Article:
Environmentalists and business leaders will try to agree on what New Jersey's beach access regulations should look like.

Seaside Heights, New Jersey (Kena Betancur, Getty Images)
Seaside Heights, New Jersey (Kena Betancur, Getty Images)

State Sen. Bob Smith, a Middlesex County Democrat, appointed a committee Monday to study the state's coastal access rules and recommend ways to make them better.

The issue has been fought over for years. Some shore towns use the lack of parking and restrooms to discourage outsiders from using their beaches.

"It's always been a gnarly problem," Smith said.

The right to access river shorelines in heavily developed urban areas is also part of the discussion.

The group will include representatives of the American Littoral Society, NY/NJ Baykeeper, the New Jersey State Chamber of Commerce, and the state Business and Industry Association. The recommendations will be presented to the Legislature by April 25.

The committee arises from longstanding complaints from environmental and beach access groups that the state's regulations do not do enough to protect the public's right to reach New Jersey's waterfronts. They favor previous rules generated by the administration of former Democratic Gov. Jon Corzine that imposed uniform access requirements along the shoreline, including access points every quarter-mile.

When Republican Chris Christie succeeded Corzine, the DEP rewrote the rules to give communities more latitude in granting beach access, letting each community decide for itself what level is appropriate.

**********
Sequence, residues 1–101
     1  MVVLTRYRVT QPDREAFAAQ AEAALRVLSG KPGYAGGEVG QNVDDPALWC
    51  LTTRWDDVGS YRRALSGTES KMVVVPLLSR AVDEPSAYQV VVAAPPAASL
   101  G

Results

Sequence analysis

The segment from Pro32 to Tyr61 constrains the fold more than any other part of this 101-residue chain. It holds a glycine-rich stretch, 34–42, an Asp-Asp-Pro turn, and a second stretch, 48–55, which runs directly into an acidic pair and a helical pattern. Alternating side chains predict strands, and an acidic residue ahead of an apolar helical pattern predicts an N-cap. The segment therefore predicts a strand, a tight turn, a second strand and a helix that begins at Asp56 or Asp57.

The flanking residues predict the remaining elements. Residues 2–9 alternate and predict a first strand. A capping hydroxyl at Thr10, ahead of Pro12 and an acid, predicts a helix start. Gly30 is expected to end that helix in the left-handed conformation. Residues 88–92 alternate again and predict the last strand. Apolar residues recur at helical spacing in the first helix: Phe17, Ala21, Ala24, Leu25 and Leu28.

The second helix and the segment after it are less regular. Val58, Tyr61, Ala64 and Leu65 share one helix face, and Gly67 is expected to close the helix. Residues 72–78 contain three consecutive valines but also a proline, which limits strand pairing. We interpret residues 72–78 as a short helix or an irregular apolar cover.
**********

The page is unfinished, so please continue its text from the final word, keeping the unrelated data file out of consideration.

A state appeals court struck down the rules in December, determining that the state Department of Environmental Protection did not have the legal authority to require public access to waterways. The Legislature then passed a bill explicitly giving the DEP that authority, and Christie signed it.

But all that did was restore what was in place at the time of the court decision. The committee appointed Monday will consider ways the Legislature might strengthen the rules.

"This is an opportunity," said Tim Dillingham, executive director of the American Littoral Society. "There has been a lot of debate about who has a right to be where and how to make it happen. I want to see meaningful access throughout the state that's supported by the state's regulatory program."

Michael Egenton, executive vice president of the chamber of commerce, said he's ready to work cooperatively with environmentalists.

"Our issue from Day One has always been having reasonable and feasible public access," he said. "We don't want to see someone say, `We want to go through this chemical plant to get to the Arthur Kill.'"

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